Mutations in the genes COLEC11 and MASP1 which code for lectin complement pathway proteins have been found responsible for a rare autosomal recessive disorder resulting in abnormal development. This proposes that other constituent proteins may play a role in embryonic development.
To this day, the genetic aspects of the stages involved in embryonic development that leads to certain congenital disorders are still not fully understood. As a result, researchers start off with identifying the genes that play a part in causing a congenital disorder before determining how these genes bring about the disorder. This approach was adopted by Rooryck et al.1 to help prove that mutations in the genes COLEC11 and MASP1, involved in the lectin complement pathway were responsible for 3MC syndrome.
The 3MC syndrome is an abbreviation of Michels, Mingarelli, Malpuech and Carnevale syndrome. These four syndromes are rare autosomal disorder that follows a recessive order of inheritance. The 3MC syndrome is characterised by blepharophimosis, ptosis of the eyelids, cleft lip and palate, craniosynostosis, hypertelorism and in some cases renal anomalies and umbilical hernia1,2. Furthermore, growth retardation, mental retardation and urogenital anomalies are also common features in all four syndromes2,3. After much research, it was found that the overlapping similarities in phenotype and Gestalt between these four syndromes are more significant than the differences between them2. Therefore, these evidence lead to the assumption that the syndromes are allelic variations of one another and belong to the same spectrum2.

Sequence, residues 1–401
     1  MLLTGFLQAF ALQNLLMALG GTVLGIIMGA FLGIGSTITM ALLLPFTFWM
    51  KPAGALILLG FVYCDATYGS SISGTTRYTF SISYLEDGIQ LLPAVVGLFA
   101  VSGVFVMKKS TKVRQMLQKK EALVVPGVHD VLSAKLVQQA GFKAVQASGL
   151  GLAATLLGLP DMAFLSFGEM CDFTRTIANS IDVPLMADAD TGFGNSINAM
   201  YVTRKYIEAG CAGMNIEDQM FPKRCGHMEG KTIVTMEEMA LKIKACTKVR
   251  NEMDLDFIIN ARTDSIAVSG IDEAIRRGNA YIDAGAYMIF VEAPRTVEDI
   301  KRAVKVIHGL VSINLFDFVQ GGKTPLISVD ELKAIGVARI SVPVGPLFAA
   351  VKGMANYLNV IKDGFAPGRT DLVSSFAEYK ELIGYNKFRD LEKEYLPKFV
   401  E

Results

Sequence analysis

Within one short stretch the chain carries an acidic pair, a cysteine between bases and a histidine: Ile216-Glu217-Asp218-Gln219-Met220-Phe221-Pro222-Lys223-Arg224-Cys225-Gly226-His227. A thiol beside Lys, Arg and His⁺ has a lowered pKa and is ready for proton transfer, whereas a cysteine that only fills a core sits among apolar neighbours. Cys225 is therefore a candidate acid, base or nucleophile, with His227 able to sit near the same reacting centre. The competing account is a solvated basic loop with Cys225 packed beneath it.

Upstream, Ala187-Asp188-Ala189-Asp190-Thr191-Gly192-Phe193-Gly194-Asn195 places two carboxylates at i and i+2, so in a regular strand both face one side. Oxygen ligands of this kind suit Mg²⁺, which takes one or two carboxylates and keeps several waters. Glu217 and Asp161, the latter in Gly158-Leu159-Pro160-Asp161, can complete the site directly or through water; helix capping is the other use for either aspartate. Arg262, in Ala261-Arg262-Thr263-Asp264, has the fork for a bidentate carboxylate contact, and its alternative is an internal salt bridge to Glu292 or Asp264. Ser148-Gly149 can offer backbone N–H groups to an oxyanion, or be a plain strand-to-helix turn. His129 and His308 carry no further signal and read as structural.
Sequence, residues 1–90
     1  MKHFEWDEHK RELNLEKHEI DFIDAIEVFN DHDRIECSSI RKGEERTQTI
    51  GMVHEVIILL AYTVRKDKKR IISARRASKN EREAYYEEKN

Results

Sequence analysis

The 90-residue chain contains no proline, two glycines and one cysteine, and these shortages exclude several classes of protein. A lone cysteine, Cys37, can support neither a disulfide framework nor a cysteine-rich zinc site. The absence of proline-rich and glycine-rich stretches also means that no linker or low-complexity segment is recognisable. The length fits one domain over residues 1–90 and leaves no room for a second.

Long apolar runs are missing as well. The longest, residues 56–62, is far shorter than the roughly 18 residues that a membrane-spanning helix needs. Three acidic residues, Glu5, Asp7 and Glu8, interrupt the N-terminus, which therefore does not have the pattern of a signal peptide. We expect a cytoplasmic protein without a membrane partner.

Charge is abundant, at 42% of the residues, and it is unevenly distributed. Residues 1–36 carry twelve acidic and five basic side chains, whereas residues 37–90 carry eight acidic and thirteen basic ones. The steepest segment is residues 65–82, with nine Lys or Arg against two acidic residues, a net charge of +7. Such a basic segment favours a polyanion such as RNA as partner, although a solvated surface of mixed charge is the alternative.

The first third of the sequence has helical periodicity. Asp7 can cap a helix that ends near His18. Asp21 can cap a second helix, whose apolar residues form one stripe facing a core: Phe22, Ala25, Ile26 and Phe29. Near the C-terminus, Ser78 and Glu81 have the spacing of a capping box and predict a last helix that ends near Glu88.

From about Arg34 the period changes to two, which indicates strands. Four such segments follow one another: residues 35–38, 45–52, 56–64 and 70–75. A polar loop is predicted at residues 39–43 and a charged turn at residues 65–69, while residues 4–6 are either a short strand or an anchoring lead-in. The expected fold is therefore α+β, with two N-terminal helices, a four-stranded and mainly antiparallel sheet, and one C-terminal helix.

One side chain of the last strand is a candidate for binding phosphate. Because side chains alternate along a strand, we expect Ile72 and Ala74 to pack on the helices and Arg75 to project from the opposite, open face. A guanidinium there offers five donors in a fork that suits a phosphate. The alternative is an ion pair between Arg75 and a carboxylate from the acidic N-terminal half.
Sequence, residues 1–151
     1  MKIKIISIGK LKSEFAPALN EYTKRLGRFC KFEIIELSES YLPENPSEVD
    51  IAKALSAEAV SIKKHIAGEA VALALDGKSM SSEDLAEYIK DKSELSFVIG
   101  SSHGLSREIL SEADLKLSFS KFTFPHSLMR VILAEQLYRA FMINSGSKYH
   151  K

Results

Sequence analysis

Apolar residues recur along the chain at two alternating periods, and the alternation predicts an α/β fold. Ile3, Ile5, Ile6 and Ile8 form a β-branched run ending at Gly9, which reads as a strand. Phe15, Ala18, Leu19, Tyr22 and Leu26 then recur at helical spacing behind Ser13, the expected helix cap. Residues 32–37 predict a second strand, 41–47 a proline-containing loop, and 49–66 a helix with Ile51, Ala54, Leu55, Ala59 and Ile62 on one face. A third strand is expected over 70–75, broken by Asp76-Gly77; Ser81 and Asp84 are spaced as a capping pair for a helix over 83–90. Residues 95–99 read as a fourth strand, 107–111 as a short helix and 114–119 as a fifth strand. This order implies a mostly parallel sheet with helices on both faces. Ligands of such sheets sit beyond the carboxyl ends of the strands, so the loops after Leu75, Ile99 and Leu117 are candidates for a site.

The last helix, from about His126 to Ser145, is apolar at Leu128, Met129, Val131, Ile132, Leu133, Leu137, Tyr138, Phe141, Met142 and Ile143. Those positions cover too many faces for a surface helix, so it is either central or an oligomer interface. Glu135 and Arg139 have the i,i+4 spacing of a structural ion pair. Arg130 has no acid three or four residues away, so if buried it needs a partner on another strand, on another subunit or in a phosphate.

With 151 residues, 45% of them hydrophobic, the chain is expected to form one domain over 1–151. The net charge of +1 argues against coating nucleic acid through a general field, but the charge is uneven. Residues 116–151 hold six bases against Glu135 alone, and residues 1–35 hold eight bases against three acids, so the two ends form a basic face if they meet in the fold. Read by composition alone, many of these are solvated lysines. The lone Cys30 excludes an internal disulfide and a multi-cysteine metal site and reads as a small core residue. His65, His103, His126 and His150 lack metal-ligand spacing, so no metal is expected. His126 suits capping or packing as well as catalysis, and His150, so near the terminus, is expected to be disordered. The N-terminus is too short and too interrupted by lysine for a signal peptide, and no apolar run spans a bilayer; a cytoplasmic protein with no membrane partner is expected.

Rooryck and colleagues started off their study by first collecting DNA samples from individuals diagnosed with Michels, Mingarelli, Malpuech and Carnevale syndromes and all their available family members. Their genomes were then screened for single nucleotide polymorphisms which are homozygous in all affected individuals but absent in unaffected individuals. From the individuals tested, there were four consanguineous families. The genotyping results from members of these families showed a homozygous region of 2.2 MB at 2p25.3 in affected individuals1. Moreover, a region of homozygosity was found in two other families at 3q27.31,4. These findings suggest that the 3MC syndrome could be caused by multiple genes.
From the sequencing of the open reading frames at the 2p25.3 region, 15 candidate genes were found, of which 9 were sequenced. Sequencing of these transcripts in affected individuals revealed three homozygous missense mutations and a single base deletion in COLEC11 that may be linked to the inheritance of the 3MC syndrome. Furthermore, the single base deletion in COLEC11 was found to play a role in the premature termination of the gene product CL-K1. CL-K1 is a C-type lectin that acts as a host defence by binding to carbohydrate antigens on microorganisms and activating the innate immune system5,6. Due to its function, it tends to circulate in the serum. In addition, being highly conserved in various species means that a mutation would be damaging to the function of the protein. Hence, to ensure that this mutation is an underlying cause of the 3MC syndrome, a protein blot assay was conducted to detect CL-K1 in the serum from two affected individuals. However, none was detected, indicating a connection between the syndrome and the loss of function mutation in COLEC11. At the same time, the expression of CL-K1 was observed in certain mouse tissues that have been known to be affected by the disorder in humans1.